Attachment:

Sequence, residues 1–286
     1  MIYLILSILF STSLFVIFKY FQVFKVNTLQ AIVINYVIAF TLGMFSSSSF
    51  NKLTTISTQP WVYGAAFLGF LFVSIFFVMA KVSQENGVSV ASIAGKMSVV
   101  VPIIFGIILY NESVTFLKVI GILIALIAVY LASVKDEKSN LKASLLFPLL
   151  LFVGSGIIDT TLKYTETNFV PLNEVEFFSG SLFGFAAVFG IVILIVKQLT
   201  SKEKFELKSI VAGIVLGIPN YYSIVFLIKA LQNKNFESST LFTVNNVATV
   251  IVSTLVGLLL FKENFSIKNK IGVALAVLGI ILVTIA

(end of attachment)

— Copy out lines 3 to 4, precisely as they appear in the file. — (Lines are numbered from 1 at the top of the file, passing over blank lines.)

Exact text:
    51  NKLTTISTQP WVYGAAFLGF LFVSIFFVMA KVSQENGVSV ASIAGKMSVV
   101  VPIIFGIILY NESVTFLKVI GILIALIAVY LASVKDEKSN LKASLLFPLL